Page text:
High temperature science is ubiquitous - critical to many processes and applications all around us, such as heat engines, combustion, high temperature fuel cells, nuclear power generation, chemical plant processes, semiconductor processing, as well as many geological and cosmochemical processes. The Gordon Research Conference on High Temperature Materials, Processes, and Diagnostics addresses fundamental issues in high temperature science. It began in 1960 as the Gordon Research Conference in High Temperature Chemistry. The early conferences focused on the high temperature chemistry of both vapor and condensed phases. Topics included fundamental vaporization and condensation processes, structures of inorganic vapor phase molecules, gas/solid interactions, reaction and diffusion in the solid state, and conductivity of novel solid electrolytes. Many of the presentations were given by pioneers in the field and the topics grew into very active fields of research.
High temperature science has become an inherently interdisciplinary field, involving researchers from chemistry, materials science, physics, geology, and various engineering fields. Thus over the years the conference has evolved, and in 1998 the name was changed to “High Temperature Materials, Processes, and Diagnostics” to reflect current critical research interests in high temperature science. The development of high temperature metals, ceramics, semiconductors, polymers, and composites is necessary for many advanced energy conversion concepts. Many large research groups are focused specifically on high temperature materials. The dramatic growth of computational modeling tools from atomistic to the continuum scales has had a big impact on this research and the conference includes sessions on these techniques. The term "processes" in the conference title encompasses chemical changes, physical changes, as well as materials preparation. Another growth area in high temperature science is the development of sophisticated analytical techniques specifically for high temperature systems and recent conferences have included presentations on these methods.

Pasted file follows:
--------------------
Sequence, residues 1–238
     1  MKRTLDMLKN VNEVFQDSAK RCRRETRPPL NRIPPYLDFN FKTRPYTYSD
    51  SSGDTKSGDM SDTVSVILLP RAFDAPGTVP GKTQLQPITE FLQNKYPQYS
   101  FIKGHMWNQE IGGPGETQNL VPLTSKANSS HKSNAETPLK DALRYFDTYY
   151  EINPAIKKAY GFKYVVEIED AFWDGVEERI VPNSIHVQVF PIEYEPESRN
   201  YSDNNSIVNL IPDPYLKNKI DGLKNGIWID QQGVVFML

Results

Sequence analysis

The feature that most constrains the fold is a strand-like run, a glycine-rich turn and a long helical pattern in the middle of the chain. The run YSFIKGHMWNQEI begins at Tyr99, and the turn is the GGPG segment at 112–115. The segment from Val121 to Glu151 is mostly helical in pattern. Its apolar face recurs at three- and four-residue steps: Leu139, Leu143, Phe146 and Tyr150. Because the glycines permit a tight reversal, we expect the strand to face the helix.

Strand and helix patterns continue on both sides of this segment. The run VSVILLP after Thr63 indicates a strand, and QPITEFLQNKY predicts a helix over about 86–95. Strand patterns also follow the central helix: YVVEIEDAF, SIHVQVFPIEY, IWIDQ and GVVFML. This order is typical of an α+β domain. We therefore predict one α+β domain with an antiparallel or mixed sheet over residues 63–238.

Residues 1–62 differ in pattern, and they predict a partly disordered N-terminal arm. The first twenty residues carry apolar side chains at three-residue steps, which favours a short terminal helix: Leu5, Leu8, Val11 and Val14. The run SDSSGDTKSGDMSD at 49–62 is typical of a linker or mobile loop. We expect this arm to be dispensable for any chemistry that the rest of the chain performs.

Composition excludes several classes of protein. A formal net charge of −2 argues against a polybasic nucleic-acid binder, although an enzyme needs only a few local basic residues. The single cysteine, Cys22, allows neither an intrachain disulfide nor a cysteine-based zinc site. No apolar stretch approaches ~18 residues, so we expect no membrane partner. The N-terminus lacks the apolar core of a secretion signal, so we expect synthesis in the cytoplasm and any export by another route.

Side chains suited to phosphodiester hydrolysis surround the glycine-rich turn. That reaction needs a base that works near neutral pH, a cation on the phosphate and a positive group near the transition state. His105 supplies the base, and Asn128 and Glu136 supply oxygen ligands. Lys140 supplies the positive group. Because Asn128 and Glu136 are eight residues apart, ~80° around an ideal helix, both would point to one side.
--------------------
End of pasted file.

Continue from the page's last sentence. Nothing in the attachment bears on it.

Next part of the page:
Some of the most challenging technological problems of the future, such as developing clean, efficient energy conversion will be solved with high temperature science. We are currently anticipating our 50th anniversary conference in 2010, and we look forward to another fifty years of Gordon Conferences on High Temperature Materials, Processes, and Diagnostics, to address fundamental issues at the forefront of high temperature science.
What is a GRC? Gordon Research Conferences (GRC) are 5-day meetings that bring scientists together from around the world to present and discuss unpublished research with other leaders in their field.